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Empire: The Rise and Demise of the British World Order and the Lessons for Global Power

by Niall Ferguson

Empire. The Rise And Demise Of The British World Order And The Lessons For Global Power .

At its peak in the nineteenth century, the British Empire was the largest empire ever known, governing roughly a quarter of the worlds population. In Empire, Niall Ferguson explains how an archipelago of rainy islands... came to rule the world, and examines the costs and consequences, both good and bad, of British imperialism. Though the books breadth is impressive, it is not intended to be a comprehensive history of the British Empire; rather, Ferguson seeks to glean lessons from this history for future, or present, empires--namely America. Pointing out that the U.S. is both a product of the British Empire as well as an heir to it, he asks whether America--an empire in denial--should seek to shed or to shoulder the imperial load it has inherited. As he points out in this fascinating book, there is compelling evidence for both. Observing that the difficulty with the achievements of empire is that they are much more likely to be taken for granted than the sins of empire, Ferguson stresses that the British did do much good for humanity in their quest for domination: promotion of the free movement of goods, capital, and labor and a common rule of law and governance chief among them. The question is not whether British imperialism was without blemish. It was not. The question is whether there could have been a less bloody path to modernity, he writes. The challenge for the U.S., he ar gues, is for it to use its undisputed power as a force for positive change in the world and not to fall into some of the same traps as the British before them. Covering a wide range of topics, including the rise of consumerism (initially fueled by a desire for coffee, tea, tobacco, and sugar), the biggest mass migration in history (20 million emigrants between the early 1600s and the 1950s), the impact of missionaries, the triumph of capitalism, the spread of the English language, and globalization, this is a brilliant synthesis of various topics and an extremely entertaining read. --Shawn Carkonen

Features: * Click here to view our Condition Guide and Shipping Prices If you read more than the introduction, you will realize that Empire is not simply an apology or a British view of history. Ferguson has told the story of the British Empire without worrying about the ignorant political correctness of the day. While it may be fashionable to think that the British were savage rulers in red coats, its simply not true on the whole. I agree with Fergusons history of the British Empire on three major points: 1. The British Empire, overall, more than any other power during the time, imposed, yes imposed, the Rule of Law on the world. 2. The British Empire facilitated the transfer of capital to the developing world, thereby beginning the process of globalization, opening up markets to competition, and overall, raising the standard of living for millions of people. 3. The British Empire, in a time of empires, prevented far more savage nations (Japan, Germany, etc) from subjugating the world. As other reviewers have said, however, nothing is perfect. There were disasters, near-genocides, and corrupt politicians along the way. Thats what happens in the real world. Empires and nations are forged by the sword if need be. The true test of any empire or nation is how it treats the conquered after the battle or coup. The British Empire, with many exceptions and problems along the way, was a benevolent master. Critics like to say that the best path would have been one in which there were no empires or colonizers. This is an irrelevant critique, similar to claiming that life would be better without the existence of cancer. Its wishful thinking. Portugal, France, Spain, Germany, Japan, and Russia have all, at one time or another, whether they admit it or not, been partakers of the great game known as Empire Building. I would choose to be a subject of the British Empire a thousand times over before I would choose any of the others. This is not a false dilemma. If the British Empire didnt colonize the world, one of the other powers most certainly would have. Finally, the British have left a legacy of stable, industrial, first-world countries in their wake. Canada, the United States, South Africa, Australia, and New Zealand spring to mind, not to mention the fact that Britain chose to oppose Germany rather than placate her in the second World War, which prevented countless atrocities from occurring. Former British Colonies are bastions of stability and law in a world that is anything but stable and law-abiding. What other conquering power has done so much?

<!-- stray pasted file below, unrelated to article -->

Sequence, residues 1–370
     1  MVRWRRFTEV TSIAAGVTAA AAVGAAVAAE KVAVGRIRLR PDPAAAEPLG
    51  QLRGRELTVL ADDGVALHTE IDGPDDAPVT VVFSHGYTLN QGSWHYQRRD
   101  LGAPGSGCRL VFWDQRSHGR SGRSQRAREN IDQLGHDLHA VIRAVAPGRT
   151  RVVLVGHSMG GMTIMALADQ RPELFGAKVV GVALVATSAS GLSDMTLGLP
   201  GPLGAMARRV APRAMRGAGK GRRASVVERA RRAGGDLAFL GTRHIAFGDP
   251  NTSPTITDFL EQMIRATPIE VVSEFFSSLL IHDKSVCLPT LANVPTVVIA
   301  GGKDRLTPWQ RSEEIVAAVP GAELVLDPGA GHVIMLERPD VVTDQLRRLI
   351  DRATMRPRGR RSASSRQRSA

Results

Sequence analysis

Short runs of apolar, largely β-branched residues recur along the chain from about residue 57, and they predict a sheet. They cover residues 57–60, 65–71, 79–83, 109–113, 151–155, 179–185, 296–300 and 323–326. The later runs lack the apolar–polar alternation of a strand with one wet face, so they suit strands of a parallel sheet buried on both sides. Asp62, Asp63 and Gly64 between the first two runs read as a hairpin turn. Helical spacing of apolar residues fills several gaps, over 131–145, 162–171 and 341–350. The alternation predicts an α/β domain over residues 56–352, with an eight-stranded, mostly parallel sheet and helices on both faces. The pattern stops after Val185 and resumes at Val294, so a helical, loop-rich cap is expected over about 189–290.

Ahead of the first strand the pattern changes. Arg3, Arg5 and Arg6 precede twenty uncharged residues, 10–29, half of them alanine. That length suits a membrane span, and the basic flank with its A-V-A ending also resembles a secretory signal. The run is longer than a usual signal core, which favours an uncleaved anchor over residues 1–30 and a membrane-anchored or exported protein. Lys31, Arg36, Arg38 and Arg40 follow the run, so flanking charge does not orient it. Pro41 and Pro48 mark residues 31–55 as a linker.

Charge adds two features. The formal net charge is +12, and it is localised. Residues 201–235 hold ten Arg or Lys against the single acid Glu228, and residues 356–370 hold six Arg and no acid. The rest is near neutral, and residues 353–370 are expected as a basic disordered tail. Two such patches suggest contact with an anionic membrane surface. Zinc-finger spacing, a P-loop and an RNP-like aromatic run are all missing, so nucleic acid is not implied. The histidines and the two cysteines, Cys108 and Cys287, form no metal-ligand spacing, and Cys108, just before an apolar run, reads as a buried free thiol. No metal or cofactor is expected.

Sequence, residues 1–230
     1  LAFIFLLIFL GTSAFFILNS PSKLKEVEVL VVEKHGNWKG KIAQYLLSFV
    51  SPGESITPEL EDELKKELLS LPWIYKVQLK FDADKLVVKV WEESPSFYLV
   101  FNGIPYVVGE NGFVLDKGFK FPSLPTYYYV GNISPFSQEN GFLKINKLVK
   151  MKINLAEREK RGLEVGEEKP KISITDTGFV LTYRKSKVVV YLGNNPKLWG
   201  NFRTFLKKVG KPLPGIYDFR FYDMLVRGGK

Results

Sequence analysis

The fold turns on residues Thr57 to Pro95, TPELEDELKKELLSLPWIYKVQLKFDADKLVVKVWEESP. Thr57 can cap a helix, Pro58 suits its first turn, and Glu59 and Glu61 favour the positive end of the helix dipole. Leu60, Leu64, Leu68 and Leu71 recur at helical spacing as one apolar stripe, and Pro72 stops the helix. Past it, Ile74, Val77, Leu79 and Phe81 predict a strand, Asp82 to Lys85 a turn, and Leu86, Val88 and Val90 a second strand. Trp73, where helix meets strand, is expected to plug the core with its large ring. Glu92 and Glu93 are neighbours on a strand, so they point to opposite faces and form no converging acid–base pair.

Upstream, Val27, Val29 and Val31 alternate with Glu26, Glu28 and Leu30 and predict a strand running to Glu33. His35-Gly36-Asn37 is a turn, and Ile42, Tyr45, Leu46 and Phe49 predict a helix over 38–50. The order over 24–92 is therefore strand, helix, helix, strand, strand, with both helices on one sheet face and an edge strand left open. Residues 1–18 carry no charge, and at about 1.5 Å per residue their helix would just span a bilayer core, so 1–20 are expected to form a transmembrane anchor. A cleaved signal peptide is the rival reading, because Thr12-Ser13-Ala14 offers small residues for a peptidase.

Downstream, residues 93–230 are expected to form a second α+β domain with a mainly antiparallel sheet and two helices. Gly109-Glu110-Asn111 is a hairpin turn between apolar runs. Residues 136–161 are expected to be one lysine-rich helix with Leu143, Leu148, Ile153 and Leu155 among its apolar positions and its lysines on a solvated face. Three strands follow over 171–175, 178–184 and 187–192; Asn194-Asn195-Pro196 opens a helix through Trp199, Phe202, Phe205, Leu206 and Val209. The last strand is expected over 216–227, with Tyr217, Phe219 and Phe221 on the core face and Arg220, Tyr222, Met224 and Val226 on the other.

Its easy to focus on one point or another (and admittedly there are many to chose from: Boer War, slave trade, etc.) and use that to damn the entire history of the British Empire; however, that is the type of sloppy thinking that belongs in coffee shops and meetings of the Young Campus Communists. Looking at the broad sweep of history shows that the British Empire was not an evil entity, hell-bent on bringing misery to colonized peoples. Overall, the British Empire was a force for good, bringing light, law, order, free markets, progress, and yes, freedom to her peoples, both foreign and domestic.

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